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Government scoops up $240m luxury car tax bonus

By Barry Park, 04 May 2016 News

Government scoops up $240m luxury car tax bonus

There’s a $240 million windfall in the Federal Budget thanks to the luxury car tax. Problem is, it’s not for you.

THE federal government has flagged it will get a quarter of a billion dollar bonus from the luxury car tax over the next four years. 

Budget papers tabled by treasurer Scott Morrison last night show the government expects to earn almost $3 billion from the controversial tax up until the 2019-20 financial year, thanks largely to Australia’s appetite for high-end metal. 

Hidden in it is a $240 million bonus for the government as a consequence of Australia’s growing appetite for luxury vehicles. 

Controversially, too, the government expects a big $30m jump in luxury car tax earnings in the wake of equally controversial plans to open up the Australian market to parallel imports in 2018 – with private buyers still expected to stump up LCT on vehicles they bring in directly from overseas. 

“LCT receipts are forecast to grow by 11.5 percent in 2015-16 in line with stronger-than-expected sales of vehicles subject to LCT,” the budget papers say. “Since the 2015-16 MYEFO [Mid-Year Economic and Fiscal Forecast], forecast LCT receipts have been revised up by $240m over the four years to 2018-19.” 

Part of that is an expected $60m jump in LCT revenue this financial year alone.

The papers show the tax is expected to stay relatively flat until the 2018-19 financial year, at around $570m, before making a sharp jump to about $600m in 2018-19. The financial year after that we can expect another big hit, with LCT revenue jumping another $30m to $630m. 

Australia is racing towards another record year for car sales, with the market almost four percent ahead compared with the first four months of last year.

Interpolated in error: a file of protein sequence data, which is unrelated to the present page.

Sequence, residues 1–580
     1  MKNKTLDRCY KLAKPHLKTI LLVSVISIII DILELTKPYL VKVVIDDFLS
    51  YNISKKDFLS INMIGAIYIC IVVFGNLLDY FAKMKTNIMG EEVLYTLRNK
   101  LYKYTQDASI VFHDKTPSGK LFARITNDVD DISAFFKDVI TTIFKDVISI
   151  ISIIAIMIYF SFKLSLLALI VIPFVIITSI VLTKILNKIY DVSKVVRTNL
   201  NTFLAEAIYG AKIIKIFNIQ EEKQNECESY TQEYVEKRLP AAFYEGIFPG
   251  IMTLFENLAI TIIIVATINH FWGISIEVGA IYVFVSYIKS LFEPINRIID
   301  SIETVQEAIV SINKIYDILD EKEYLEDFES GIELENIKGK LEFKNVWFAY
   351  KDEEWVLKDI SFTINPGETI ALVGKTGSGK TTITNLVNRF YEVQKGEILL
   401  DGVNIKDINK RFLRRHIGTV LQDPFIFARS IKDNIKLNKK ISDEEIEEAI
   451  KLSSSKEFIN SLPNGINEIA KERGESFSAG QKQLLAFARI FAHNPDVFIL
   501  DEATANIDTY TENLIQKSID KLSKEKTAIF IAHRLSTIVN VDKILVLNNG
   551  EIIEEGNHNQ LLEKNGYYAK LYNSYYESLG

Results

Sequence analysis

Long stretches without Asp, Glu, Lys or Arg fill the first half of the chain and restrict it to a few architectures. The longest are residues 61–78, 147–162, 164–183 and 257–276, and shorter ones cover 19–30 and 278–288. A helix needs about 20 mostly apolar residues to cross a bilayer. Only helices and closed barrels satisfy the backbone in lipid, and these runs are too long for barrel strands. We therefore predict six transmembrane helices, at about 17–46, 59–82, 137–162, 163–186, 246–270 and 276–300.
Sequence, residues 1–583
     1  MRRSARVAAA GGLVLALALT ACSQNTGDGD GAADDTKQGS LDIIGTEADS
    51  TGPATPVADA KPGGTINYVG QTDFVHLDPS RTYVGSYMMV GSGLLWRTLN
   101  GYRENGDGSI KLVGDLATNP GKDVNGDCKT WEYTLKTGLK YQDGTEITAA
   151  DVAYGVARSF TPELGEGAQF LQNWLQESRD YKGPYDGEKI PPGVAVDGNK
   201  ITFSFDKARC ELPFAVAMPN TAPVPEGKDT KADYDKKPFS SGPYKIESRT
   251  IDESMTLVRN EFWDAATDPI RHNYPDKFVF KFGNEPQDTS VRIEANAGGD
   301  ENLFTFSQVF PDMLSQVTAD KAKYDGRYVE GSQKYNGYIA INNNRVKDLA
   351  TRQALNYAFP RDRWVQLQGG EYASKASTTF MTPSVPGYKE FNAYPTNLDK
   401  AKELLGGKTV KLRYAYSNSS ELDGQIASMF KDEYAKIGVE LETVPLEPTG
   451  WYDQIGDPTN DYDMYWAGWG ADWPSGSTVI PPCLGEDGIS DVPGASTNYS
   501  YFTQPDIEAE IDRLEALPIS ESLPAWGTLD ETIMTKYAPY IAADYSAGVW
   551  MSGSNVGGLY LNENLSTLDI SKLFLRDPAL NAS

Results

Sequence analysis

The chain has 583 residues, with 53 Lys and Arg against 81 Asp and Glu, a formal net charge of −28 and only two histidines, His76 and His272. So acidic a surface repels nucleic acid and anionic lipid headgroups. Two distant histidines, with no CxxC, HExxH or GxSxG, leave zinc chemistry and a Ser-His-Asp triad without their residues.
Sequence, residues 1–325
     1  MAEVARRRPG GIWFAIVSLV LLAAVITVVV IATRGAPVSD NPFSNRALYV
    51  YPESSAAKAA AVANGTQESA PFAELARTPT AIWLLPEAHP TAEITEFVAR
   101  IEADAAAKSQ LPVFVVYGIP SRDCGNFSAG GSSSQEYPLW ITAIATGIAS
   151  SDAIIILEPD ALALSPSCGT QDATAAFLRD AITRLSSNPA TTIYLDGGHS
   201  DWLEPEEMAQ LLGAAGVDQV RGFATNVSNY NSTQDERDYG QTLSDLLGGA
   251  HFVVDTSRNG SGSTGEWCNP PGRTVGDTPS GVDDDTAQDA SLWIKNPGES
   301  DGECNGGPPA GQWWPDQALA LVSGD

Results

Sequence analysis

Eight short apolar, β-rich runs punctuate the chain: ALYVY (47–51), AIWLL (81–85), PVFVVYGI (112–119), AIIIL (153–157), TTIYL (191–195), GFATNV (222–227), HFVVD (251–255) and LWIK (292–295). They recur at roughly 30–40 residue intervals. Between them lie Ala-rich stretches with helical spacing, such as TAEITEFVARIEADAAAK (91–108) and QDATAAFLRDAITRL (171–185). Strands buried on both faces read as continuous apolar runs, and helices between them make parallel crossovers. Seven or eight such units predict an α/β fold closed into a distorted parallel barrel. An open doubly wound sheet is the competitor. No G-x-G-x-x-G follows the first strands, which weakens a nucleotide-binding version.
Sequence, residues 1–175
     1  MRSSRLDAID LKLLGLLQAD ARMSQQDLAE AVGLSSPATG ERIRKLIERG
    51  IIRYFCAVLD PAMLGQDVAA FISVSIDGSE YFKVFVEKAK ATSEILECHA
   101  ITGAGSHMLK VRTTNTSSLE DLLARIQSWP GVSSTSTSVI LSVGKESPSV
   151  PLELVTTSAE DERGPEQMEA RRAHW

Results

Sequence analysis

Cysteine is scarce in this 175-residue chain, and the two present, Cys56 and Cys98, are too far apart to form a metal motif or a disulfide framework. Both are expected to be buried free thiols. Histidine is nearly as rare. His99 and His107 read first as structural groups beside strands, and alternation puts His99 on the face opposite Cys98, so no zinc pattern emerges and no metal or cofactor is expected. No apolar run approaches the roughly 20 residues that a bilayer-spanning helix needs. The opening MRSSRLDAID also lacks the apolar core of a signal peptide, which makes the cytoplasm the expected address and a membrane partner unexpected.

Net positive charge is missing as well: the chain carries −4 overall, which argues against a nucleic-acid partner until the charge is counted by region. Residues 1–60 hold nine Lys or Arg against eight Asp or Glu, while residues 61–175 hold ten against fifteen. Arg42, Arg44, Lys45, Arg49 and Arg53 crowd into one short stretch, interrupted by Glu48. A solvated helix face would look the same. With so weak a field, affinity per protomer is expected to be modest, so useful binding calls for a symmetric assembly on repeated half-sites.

Luxury car sales are becoming a significant part of the Australian market’s landscape. After occasionally pushing into the Top 10, in April Mercedes-Benz jumped another rung to become the ninth-largest brand for the month, pushing ahead of mainstream brands including Kia, Honda and Subaru. 

The 33 percent luxury car tax – which also happens to reel in high-performance sports cars and lumbering off-roaders as well as the cushy limousines its name implies – was introduced as part of sweeping reforms to the Australian tax system in 2001 that also introduced the GST. 

Pegged to inflation, the new-car price threshold at which the tax applies is adjusted at the start of each financial year. 

For 2015-16, the tax applies to cars costing more than $63,184. However, in a deal brokered with carmakers worried that the tax would discourage buyers from paying more for fuel-efficient technology, the government has set a higher $75,375 threshold for vehicles using no more than 7.0L/100km. 

Motorists will gain some benefit from the new budget handed down last night, with $3 billion set aside for future infrastructure projects. 

Victoria will be the main winner, with $500m previously earmarked to build an east-west tunnel to be diverted to the Monash Freeway. As well, $350m will go towards widening the Western Ring Road and $345m improving rural and regional highways in the state. 

Melbourne and other urban areas will benefit from a $75m war chest to help fight congestion. 

Queensland is the only other state to gain a significant investment in its roads. The budget papers allocate $200m to upgrade the Ipswich Motorway in the state’s south-east.